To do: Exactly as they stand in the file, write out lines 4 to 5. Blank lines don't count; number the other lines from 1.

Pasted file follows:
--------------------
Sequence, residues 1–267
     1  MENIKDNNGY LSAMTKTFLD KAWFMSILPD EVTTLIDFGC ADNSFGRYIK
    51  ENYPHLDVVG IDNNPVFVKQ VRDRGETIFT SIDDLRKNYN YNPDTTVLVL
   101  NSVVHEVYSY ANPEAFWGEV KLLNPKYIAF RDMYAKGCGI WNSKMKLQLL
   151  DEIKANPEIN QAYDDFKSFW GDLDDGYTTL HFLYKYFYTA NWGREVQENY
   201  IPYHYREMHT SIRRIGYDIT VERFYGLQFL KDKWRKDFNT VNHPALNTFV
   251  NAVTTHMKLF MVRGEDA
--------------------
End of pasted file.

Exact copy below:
   101  NSVVHEVYSY ANPEAFWGEV KLLNPKYIAF RDMYAKGCGI WNSKMKLQLL
   151  DEIKANPEIN QAYDDFKSFW GDLDDGYTTL HFLYKYFYTA NWGREVQENY